Introduction


Teaching Connecticut Academic Performance Test Skills in High School Classrooms Contents | Reference Lists

New Haven Public School teachers in conjunction with the Yale-New Haven Teachers Institute have produced curriculum units for use in elementary, middle and secondary school classes for almost 25 years. Recently, several teachers from Beecher School have compiled a Reference List to curriculum units recommended for elementary school classes. At the same time, it seemed that such a resource for secondary school teachers would be equally valuable.

In compiling a list of curriculum units with a brief summary of each and a list of curriculum elements that supported both state assessments and the district literacy initiative, the goal was to provide a format for reviewing unit content in the most efficient way possible. The most challenging part of this project was categorizing units according to discipline and topic. Nearly every unit has an interdisciplinary element; therefore, it is most useful to browse the Reference List as a whole at one’s leisure. In addition, in order to complete the List within a reasonable time frame, only curriculum units designated for use in secondary classes were reviewed. Curriculum units designed for middle and elementary school classes may also be adapted to accommodate secondary curriculum objectives.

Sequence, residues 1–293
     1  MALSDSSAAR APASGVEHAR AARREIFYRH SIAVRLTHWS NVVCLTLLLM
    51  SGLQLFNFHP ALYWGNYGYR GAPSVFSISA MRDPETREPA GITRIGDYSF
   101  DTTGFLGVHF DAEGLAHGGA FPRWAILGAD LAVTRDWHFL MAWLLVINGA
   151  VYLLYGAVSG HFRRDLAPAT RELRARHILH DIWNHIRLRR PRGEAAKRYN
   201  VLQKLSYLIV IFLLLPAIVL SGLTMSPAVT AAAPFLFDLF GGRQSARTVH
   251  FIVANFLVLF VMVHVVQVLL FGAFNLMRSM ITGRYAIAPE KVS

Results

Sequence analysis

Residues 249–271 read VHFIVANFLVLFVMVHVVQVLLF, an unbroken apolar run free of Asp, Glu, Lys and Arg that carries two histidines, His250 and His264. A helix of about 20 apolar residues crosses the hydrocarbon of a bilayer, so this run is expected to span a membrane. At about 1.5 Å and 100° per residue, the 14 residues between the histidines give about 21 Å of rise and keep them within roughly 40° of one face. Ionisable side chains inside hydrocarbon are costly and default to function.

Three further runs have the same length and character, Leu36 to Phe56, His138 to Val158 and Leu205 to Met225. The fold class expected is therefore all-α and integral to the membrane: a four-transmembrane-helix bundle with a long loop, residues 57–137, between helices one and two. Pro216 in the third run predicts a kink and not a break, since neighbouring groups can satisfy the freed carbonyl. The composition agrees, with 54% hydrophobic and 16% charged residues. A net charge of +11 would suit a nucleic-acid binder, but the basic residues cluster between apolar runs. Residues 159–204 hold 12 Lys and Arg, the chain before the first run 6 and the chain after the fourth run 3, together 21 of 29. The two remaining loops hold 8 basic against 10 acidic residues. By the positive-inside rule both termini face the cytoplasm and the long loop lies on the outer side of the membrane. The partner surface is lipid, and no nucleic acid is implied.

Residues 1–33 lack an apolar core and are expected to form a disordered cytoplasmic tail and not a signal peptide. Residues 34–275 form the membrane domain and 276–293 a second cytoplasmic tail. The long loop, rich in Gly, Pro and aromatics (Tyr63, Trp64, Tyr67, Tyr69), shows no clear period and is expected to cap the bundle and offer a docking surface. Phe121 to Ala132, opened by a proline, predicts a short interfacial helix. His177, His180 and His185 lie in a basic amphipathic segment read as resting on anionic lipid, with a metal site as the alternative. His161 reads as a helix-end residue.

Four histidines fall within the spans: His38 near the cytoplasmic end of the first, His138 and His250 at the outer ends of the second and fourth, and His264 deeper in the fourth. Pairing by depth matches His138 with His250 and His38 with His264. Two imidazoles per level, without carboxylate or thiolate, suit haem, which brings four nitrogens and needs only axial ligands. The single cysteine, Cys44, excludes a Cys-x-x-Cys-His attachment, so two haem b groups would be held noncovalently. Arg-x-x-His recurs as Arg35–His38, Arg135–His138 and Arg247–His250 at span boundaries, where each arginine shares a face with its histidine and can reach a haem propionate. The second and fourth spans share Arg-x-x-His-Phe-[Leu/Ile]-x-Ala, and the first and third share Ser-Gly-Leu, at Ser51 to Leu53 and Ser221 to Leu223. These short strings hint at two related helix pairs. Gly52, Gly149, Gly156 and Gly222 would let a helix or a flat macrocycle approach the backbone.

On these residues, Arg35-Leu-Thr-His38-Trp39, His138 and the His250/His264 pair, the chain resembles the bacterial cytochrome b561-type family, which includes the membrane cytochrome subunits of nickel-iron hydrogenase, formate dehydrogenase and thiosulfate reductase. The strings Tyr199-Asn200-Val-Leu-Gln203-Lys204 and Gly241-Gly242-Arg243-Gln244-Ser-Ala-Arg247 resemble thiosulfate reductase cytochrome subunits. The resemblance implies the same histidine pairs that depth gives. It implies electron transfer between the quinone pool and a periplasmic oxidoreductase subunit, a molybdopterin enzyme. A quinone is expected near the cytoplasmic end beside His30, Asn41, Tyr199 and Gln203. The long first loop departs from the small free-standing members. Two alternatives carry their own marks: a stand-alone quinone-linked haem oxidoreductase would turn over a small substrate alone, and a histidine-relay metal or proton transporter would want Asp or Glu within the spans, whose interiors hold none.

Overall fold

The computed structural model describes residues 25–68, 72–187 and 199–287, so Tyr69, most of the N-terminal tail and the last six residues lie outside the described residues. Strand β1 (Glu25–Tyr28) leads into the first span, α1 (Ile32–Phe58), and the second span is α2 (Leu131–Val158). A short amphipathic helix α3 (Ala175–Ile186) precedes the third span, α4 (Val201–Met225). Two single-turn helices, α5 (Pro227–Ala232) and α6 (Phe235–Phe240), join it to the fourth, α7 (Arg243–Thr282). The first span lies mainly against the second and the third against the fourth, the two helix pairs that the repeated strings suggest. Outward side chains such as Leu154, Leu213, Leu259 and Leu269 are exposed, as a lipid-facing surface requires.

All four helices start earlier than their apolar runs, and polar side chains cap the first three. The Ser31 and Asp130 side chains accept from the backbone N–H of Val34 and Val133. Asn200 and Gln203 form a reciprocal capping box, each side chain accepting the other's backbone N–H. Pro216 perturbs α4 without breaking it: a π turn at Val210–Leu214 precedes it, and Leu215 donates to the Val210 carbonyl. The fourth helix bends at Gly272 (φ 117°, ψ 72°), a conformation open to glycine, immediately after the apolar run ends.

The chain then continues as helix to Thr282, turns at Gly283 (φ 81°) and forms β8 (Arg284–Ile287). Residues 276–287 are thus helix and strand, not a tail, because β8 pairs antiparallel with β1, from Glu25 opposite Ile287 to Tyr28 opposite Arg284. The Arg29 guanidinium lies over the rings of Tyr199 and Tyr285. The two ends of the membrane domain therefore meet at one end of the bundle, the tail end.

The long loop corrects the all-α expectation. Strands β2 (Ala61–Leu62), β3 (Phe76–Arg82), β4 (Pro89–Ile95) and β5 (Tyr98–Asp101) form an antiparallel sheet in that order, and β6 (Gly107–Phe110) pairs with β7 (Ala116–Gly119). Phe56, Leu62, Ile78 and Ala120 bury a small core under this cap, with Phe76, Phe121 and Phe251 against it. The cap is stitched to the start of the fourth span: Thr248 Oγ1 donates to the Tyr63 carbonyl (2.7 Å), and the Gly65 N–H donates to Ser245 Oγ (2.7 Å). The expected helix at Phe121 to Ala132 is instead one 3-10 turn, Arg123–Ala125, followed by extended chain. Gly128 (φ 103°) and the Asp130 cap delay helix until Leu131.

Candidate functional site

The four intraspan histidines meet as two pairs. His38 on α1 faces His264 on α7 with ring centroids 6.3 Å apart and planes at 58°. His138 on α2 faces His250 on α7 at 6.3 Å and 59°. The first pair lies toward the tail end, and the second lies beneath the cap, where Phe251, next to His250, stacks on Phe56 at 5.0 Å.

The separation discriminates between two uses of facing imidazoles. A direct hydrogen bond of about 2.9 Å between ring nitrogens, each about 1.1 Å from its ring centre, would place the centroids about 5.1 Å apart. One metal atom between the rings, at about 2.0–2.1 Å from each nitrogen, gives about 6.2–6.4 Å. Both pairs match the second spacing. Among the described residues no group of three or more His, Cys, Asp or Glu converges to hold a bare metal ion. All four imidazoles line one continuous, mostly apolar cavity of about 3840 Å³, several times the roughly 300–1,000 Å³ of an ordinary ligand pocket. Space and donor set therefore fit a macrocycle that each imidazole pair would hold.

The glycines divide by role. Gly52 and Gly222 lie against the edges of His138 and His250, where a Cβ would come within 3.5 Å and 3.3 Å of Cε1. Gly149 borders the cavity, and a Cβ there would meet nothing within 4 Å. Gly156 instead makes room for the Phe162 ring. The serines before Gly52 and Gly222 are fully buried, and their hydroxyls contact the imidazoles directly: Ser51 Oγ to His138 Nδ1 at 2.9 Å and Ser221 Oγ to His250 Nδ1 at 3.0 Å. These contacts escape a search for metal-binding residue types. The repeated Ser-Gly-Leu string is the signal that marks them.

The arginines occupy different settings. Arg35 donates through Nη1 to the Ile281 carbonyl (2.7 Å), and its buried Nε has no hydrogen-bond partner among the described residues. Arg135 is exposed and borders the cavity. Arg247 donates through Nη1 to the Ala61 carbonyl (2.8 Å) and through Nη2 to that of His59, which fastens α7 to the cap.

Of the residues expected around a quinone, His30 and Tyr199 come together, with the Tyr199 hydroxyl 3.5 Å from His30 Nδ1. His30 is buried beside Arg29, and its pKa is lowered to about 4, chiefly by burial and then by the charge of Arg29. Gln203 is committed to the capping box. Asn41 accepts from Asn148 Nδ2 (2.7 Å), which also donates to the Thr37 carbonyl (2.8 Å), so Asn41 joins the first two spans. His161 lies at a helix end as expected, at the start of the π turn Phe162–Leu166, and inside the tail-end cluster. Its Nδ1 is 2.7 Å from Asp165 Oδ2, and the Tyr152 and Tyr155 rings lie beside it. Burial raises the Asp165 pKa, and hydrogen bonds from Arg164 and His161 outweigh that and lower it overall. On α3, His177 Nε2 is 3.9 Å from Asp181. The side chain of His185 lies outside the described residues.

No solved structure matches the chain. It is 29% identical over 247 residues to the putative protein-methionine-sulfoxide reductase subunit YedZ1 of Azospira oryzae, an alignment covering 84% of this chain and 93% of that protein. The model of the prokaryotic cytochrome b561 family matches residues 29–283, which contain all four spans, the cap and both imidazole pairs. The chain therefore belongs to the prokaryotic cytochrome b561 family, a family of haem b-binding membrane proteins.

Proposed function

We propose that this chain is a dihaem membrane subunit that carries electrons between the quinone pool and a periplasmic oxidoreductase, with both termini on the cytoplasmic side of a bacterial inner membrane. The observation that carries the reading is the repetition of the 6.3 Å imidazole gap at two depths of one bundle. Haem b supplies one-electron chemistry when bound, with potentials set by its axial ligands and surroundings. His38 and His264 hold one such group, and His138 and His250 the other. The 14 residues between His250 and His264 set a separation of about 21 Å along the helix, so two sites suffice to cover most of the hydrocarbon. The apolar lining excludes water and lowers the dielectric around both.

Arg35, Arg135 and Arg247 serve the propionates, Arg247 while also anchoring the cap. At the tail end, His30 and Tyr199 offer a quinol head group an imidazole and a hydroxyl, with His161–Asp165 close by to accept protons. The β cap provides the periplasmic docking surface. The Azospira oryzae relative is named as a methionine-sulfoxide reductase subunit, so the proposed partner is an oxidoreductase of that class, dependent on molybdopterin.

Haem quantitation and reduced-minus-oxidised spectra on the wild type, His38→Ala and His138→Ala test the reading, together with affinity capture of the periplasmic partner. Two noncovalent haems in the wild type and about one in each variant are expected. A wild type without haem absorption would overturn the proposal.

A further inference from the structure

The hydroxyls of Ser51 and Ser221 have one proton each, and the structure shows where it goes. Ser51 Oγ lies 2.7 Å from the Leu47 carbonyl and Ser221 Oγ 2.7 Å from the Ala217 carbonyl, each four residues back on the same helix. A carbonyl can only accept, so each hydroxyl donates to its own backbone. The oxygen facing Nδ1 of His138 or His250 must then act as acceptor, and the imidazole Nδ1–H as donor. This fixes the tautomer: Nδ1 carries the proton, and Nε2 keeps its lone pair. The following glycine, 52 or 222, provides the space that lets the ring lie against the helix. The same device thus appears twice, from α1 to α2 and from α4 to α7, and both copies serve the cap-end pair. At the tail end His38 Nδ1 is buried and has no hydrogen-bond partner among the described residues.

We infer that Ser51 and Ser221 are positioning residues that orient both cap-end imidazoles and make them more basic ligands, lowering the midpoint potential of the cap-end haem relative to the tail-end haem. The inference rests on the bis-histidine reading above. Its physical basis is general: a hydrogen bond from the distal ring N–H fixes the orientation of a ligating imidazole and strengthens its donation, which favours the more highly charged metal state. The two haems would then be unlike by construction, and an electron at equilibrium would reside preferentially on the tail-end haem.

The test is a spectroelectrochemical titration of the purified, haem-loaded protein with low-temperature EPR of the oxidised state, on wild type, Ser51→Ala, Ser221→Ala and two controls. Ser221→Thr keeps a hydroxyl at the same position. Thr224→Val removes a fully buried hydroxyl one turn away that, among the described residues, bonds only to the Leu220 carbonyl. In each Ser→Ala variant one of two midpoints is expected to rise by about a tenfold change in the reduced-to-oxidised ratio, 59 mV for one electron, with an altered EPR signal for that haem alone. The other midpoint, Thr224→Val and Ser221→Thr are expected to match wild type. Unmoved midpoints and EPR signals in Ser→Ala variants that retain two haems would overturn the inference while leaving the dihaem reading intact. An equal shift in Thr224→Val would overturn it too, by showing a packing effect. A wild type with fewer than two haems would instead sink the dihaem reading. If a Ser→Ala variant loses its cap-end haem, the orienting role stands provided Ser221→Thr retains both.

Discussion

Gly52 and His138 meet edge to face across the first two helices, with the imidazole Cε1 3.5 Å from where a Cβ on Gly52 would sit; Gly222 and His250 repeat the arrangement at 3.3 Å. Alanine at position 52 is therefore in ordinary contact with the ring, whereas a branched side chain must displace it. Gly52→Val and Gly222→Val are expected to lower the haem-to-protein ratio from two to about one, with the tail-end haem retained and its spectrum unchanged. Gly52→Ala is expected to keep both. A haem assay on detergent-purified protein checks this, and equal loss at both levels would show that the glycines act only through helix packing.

The units have been organized in a table according to discipline, then categorized according to subjects within each discipline. Lastly, the units are listed under each subject according to date of publication. This method of organization serves two purposes. First, it provides a companion to searching for the complete units online (which are indexed in chronological order) and second, it highlights the most recent units, which provide more direct connections to current curriculum standards. All the curriculum units, however, share the impressive elements of creativity, interdisciplinary connections, student-centered goals and objectives, and extensive research and background on a wide variety of topics.

Preparation of this document has been funded by a mini-grant through the Yale-New Haven Teachers Institute. Special thanks are given to Hill Regional Career High School for providing unlimited access to its Yale-New Haven Teachers Institute Center throughout summer 2000. In preparing this List, I found great ideas for teaching history, math, physics, biology, and literature. The experience was valuable for me, and I hope produced a valuable resource for secondary school teachers as well.

Lisa Galullo

New Haven
June 2001

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